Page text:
Smartphones changing the way we interact with our vehicles

by Jim KerrAuto Tech . Apr 06 2018
LincolnThe 2019 Lincoln Aviator will allow owners to unlock the doors and start the vehicle from their smartphone.

Lincoln

The 2019 Lincoln Aviator will allow owners to unlock the doors and start the vehicle from their smartphone.

Smartphones have changed the way we interact with others. We can send texts, pictures or videos and purchase services and products online easier than ever before.

Now smartphones are also changing how we interact with our vehicles.

In the recent past, we could use smartphone apps to unlock vehicles, make service appointments and check vehicle status, but Lincoln is about to take it a big step forward with the new 2019 Lincoln Aviator. This three row mid-size luxury SUV will be the first in the marketplace to enable owners to unlock the doors and start the vehicle from their smartphone, substituting for the wireless keyfob we have grown accustomed to.

The Aviator’s key fob can actually remain at home. Drivers can activate a locator chirp to find their Aviator in a crowded parking lot, then as the vehicle is approached, one of several antennas on the Aviator will detect the smartphone, turn on the approach lighting and unlock the door. Once inside the ignition system recognizes the drivers smartphone and with a press of the start button you are on your way.

Several redundancies have been built into the Aviator, in case you have lost your phone or run the battery down. A keypad on the driver’s door lets you unlock the vehicle with your own personalized combination code. This feature has been on many previous vehicles from the company and is just as useful if you wish to lock your phone or keys in the vehicle while at a park or the beach.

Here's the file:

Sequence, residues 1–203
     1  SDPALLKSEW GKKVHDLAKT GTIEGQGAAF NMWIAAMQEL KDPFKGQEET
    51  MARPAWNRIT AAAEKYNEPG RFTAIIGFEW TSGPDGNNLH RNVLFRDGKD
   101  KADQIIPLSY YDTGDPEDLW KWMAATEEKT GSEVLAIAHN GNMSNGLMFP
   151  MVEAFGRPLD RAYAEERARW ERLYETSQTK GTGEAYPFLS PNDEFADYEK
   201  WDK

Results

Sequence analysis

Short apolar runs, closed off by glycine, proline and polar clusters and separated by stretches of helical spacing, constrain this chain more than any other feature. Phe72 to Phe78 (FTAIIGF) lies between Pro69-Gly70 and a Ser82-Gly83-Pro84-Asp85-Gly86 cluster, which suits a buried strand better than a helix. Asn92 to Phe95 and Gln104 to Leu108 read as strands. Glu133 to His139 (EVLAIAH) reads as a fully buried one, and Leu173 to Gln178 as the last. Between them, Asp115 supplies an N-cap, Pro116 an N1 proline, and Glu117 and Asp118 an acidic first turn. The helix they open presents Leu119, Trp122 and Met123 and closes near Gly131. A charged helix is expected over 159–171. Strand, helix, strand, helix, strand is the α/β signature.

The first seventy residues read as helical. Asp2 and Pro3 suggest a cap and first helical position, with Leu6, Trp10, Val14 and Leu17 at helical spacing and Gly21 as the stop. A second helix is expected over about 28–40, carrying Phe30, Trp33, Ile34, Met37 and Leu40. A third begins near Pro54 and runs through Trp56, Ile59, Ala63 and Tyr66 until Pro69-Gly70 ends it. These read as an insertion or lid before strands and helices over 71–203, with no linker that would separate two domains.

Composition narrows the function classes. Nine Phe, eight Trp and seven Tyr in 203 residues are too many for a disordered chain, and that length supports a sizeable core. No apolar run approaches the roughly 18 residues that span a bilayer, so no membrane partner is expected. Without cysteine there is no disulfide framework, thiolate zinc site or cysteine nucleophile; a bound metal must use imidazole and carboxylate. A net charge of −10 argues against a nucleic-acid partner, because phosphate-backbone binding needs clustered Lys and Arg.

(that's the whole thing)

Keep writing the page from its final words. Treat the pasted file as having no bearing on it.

Once you are inside the vehicle, you can then enter your personal code into the dashboard screen to allow the Aviator to start.

If your phone battery is dead, the wireless phone pad in the console can be used to recharge it — and if you have lost your phone, you can use the dashboard display to disable the phone unlock and engine start features.

Using forward facing camera technology the Aviator can also look ahead at the road and Lincoln’s Suspension Preview Technology will automatically adjust suspension settings to reduce the impact of potholes or roadway bumps on vehicle occupants, making for a more relaxed drive.

With the rear camera and object detection sensors, the Aviator can automatically apply the brakes when the vehicle is in reverse to stop if an obstacle in the path is detected.

Aviator will also come equipped with Lincoln Co-Pilot360 as standard equipment, this technology uses camera and radars to provide automatic emergency braking with pedestrian detection, lane keeping assist, reverse camera display, blind spot information system with cross traffic alert and automatic high beam/low beam head-lamp operation.

Included in the Aviator will be the latest version of SYNC, which will debut a selection of considerate prompts to aid the driver.

Displaying helpful information on the 12-inch cluster display, the system will recommend actions based on vehicle operation. For example, if the vehicle is low on fuel, the system will automatically connect to the navigation system and display the closest gas stations to choose from.

james.kerr@sasktel.net